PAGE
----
So what is the point of my little gnome story?

The first point to my gnome story is that you never know what you can achieve if you don’t try. It would’ve been really easy to have talked myself out of attempting to draw and paint my gnome based on my previous perceptions about my artistic ability. This time I didn’t talk myself out of trying, and I am still amazed two months later at the gnome that I created myself!

The second point to my gnome story is that great joy can be found in the simplest things. When I look at my gnome painting, I can’t help but smile. I think it is important for all of us to having something that we can look at and smile every time we look at it. This thing could be a picture of a vacation, a ticket stub from a movie, a favorite book cover, etc. What the object is doesn’t matter; what matters is the feeling of joy that it provides.

Those are the points of my gnome story. What’s your gnome story?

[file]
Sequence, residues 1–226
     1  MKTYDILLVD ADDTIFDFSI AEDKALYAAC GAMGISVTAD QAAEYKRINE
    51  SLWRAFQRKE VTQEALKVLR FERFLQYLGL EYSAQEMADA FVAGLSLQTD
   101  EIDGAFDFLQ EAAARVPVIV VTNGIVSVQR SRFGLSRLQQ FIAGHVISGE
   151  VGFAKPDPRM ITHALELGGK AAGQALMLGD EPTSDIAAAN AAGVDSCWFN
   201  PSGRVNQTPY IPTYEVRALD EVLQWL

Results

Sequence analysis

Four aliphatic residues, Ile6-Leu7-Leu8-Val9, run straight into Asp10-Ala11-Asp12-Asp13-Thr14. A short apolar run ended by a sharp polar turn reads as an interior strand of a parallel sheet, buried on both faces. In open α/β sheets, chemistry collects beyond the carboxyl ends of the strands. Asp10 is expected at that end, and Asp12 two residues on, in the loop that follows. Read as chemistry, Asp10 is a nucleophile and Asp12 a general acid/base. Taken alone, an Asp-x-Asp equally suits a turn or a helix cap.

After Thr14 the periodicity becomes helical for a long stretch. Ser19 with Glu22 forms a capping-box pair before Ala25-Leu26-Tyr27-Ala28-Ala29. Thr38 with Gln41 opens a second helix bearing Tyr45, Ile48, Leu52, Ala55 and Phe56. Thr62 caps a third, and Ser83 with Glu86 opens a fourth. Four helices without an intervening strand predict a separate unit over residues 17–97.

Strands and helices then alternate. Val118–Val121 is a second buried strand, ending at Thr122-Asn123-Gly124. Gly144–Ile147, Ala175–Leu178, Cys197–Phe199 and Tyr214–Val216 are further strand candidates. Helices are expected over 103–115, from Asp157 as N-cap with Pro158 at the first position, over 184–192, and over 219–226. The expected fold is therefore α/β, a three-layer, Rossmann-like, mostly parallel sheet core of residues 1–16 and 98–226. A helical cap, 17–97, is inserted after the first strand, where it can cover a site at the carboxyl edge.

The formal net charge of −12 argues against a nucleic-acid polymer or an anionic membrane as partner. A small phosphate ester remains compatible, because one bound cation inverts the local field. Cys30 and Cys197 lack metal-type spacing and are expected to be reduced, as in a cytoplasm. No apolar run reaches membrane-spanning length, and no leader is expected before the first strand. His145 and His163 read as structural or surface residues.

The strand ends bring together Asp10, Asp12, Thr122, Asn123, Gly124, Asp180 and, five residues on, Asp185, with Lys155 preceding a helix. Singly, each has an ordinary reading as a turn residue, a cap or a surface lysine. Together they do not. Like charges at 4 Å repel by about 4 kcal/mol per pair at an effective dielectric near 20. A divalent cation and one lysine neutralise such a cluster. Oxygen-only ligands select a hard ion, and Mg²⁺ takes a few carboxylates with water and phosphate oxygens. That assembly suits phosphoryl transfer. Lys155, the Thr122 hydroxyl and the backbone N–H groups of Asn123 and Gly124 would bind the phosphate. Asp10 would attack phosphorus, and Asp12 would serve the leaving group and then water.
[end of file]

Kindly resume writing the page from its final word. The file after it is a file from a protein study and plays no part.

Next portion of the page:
The Great Kaysby

34 Days and Counting…

In the last 34 days, I’ve left the house 5 times maybe 6 to do activities other than walk around the neighborhood. I had to go to work one day, picked up an online grocery order once, went for a drive and lunch pick up, and picked up dinner twice. I’ve cried more than I’ve ever cried especially out of being deeply moved by the kindness and generosity of others. But most importantly, I’ve spent tons of time with Mr Kisby and LilKsby that I wouldn’t have otherwise! ❤️ This is my favorite part of social distancing/corona-quarantine, and I can honestly say that at 34 days and counting boredom is nowhere in sight!